Glenn's Underground Cabin Update

Started by glenn kangiser, January 30, 2005, 10:24:03 PM

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glenn kangiser

I heard through the grapevine that J's wife may have had their fourth child last night and the midwife was 75 miles away..... he may have had to deliver it.... now maybe he can get on with his project....hope all went well.... [noidea'
"Always work from the general to the specific." J. Raabe

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glenn kangiser

We are a pretty do it yourself area here.....
"Always work from the general to the specific." J. Raabe

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glenn kangiser

Busy start to the week.  We hosted members of this group,

http://humphrey.ucdavis.edu/program.shtml

http://humphrey.ucdavis.edu/fellows.shtml

Our Friends stayed with us from Monday evening until around noon today.

Myo -from Myanmar.... medical doctor - retired to care for his dad and run rice business as well as teaching rice and EM technology to me and the rest of the world.... so much more to say - Myo gave me over half a gig of pix and educational materials as well as admitted he wanted to jump off of the Bush Hog when I took him down to my spring.... :)
http://humphrey.ucdavis.edu/Kyaw.html

Abdoul from Burkina Faso... super great guy ... is sending me info on industrial composting after I mentioned Mariposa having such trouble with their composting facility.
http://humphrey.ucdavis.edu/Sereme.html


Ekram... from Bangladesh.... told us of his work in the bio below and agreed as all of them and I did - the people of the world just want to get along.  Most Problems are generated at the top, the quest for power and greed....and yet we can't say all bad -- it was a government program that got them here. 
http://humphrey.ucdavis.edu/Ullah.html


This was a very great honor for us to host these world professionals, and in person they are the greatest most down to earth people you would ever meet.

They talked to the others and the entire group showed up for the tour of the underground complex today.  Bangladesh, Ethiopia, Uganda, Botswana, Argentina, Viet Nam, Mexico, Burkina Faso, Myanmar.  Between here, the hike, and the resource center where we met them, we all became just like one big happy family.



A couple listed were missing but many others showed up including the ones who work to help get them to Yosemite- a guess - maybe 35 people were here. 

So many others and and some of their families - hard to list them all, but they are now like family to us.  I will try to work more names and pix into the continuing parts of this thread.  It wasn't like they were top professionals of the world.  It was like they are all personal friends and family.  All are invited to come and stay any time they can or need to.
"Always work from the general to the specific." J. Raabe

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John Raabe

Looks like a great project Glenn
Good-looking group photo too!
None of us are as smart as all of us.

ScottA

#18 looks cold. He's the only one with no coat. Poor kid. Wish i coulda been there. Looks like fun.


glenn kangiser

Thanks, John and Scott.

It would be great if both of you were here, but next best - many of our guests will be checking us out on Countryplans.

I have to say it was the best time we have had in a long time.  Due to weather and them having a slow study week at Davis, unlike normal times,  the people who work with them (Number 18's dad and several others) called Friday and wanted to know if we could put this together for Monday.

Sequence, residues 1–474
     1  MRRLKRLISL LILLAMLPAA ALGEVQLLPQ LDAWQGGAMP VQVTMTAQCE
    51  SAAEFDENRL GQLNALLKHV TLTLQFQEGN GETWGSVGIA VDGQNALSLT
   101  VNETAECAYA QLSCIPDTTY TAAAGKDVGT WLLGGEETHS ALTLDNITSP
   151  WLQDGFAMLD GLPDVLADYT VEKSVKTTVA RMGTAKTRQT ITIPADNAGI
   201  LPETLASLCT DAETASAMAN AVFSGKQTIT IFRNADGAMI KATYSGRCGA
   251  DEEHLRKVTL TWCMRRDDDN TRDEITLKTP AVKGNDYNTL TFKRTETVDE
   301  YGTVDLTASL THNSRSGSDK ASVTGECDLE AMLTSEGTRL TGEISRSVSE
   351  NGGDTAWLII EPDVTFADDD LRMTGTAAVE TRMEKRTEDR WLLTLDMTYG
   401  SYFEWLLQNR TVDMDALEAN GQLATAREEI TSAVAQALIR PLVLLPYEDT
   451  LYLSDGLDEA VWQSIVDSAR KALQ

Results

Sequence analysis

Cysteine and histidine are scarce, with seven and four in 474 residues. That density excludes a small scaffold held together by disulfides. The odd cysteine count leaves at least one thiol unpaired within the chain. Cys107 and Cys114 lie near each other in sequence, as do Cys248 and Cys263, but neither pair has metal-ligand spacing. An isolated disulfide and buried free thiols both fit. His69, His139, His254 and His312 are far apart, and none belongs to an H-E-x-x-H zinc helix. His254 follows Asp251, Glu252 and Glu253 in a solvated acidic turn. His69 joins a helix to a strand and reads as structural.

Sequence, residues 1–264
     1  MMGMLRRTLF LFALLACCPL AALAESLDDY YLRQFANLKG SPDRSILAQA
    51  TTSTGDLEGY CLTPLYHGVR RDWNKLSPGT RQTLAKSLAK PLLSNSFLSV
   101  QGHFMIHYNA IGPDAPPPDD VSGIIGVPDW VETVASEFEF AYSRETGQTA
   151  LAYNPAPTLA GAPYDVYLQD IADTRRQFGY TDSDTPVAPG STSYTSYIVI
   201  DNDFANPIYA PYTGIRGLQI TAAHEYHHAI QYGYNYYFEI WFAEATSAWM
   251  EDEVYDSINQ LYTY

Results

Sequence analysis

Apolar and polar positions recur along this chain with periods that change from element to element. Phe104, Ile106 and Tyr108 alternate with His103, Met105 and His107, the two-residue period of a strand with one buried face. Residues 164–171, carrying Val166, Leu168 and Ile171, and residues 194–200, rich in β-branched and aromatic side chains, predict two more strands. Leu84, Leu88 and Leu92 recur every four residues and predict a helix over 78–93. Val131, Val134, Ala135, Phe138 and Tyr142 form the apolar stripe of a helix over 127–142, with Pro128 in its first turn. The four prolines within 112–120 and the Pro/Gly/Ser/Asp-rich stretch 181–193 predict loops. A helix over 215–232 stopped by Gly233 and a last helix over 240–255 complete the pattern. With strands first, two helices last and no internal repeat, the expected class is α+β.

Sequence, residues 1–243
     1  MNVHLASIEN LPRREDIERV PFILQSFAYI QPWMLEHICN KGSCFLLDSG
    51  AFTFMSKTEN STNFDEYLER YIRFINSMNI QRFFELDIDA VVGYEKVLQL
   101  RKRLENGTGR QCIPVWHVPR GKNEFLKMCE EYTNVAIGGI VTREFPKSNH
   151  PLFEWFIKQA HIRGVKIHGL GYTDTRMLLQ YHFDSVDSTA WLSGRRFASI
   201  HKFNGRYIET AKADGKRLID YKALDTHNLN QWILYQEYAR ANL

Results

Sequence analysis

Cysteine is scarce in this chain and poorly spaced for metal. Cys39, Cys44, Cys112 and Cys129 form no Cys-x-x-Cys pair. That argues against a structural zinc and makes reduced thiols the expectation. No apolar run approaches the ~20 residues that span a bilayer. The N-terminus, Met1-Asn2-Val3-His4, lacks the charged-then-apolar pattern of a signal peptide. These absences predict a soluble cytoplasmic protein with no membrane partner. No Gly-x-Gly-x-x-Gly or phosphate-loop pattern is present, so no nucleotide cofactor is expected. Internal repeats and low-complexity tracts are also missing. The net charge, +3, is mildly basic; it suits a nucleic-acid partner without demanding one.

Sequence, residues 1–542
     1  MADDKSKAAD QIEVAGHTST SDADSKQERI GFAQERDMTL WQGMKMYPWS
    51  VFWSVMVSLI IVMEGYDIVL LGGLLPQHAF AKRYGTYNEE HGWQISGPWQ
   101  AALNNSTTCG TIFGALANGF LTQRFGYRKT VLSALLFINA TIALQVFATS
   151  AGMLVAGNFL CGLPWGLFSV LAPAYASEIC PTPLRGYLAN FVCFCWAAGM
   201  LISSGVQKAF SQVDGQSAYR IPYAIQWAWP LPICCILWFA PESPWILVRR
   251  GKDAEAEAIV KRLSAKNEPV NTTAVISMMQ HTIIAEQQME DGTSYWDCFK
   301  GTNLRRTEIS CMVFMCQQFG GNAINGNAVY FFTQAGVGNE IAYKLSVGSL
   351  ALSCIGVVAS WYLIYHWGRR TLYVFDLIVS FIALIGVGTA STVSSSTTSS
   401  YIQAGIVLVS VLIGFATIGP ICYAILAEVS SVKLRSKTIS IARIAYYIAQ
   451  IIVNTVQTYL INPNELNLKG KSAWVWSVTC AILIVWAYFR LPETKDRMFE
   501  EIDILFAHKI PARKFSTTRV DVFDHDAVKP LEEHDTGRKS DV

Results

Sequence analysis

We were not real ready but they needed hosts and called to ask if we could take guests.  Of course we said we would do it..... it was too great an opportunity to pass up....guest from all around the world.

I made some repairs on the underground cabin, cleaned the house, baked a mock apple (zucchini) crisp and saffron rice on Monday, as Sassy had to go to a conference and got back Monday afternoon.  The guests arrived at around 5:30 or so I think and we had a potluck dinner at the resource center.



Here is a shot of Sassy, Myo and Ekram as Sassy is getting grilled egg and cheese sandwiches together for us for breakfast. There were a few left that I put in my backpack and some people were extremely happy to have them at lunch.  Josie from Argentina really liked it as she was not fond of Peanut Butter and Jelly.  She was Fernando's daughter and was very smart  - (around 12 I think) ....we talked politics a bit hiking the trail... :) Sorry - the pix is a bit fuzzy.

Today she thanked me for giving her a very easy class day... the Underground Complex visit was her field trip and she got credit for it.



"Always work from the general to the specific." J. Raabe

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glenn kangiser

Family and Community - Countryplans is part of our Community so here is Fernando's letter... :)

A small video with his wife and daughter (Josephina, prefers to be called Josie - both great names) as soon as I have time to load it -


QuoteHi Glenn:
We have just arrived home. Thank you so much for your email and for all you did in these two days.
We lived so many wonderful moments with you all that I feel as if I spent much more time with you.
It was amazing to be at your home. Everyone of us (wife and children) enjoyed it and, I think, we learned many useful lessons.
Thank you so much
Have a wonderful time, and please send my regards to your family and community.


Fernando and family

"Always work from the general to the specific." J. Raabe

Glenn's Underground Cabin  http://countryplans.com/smf/index.php?topic=151.0

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glenn kangiser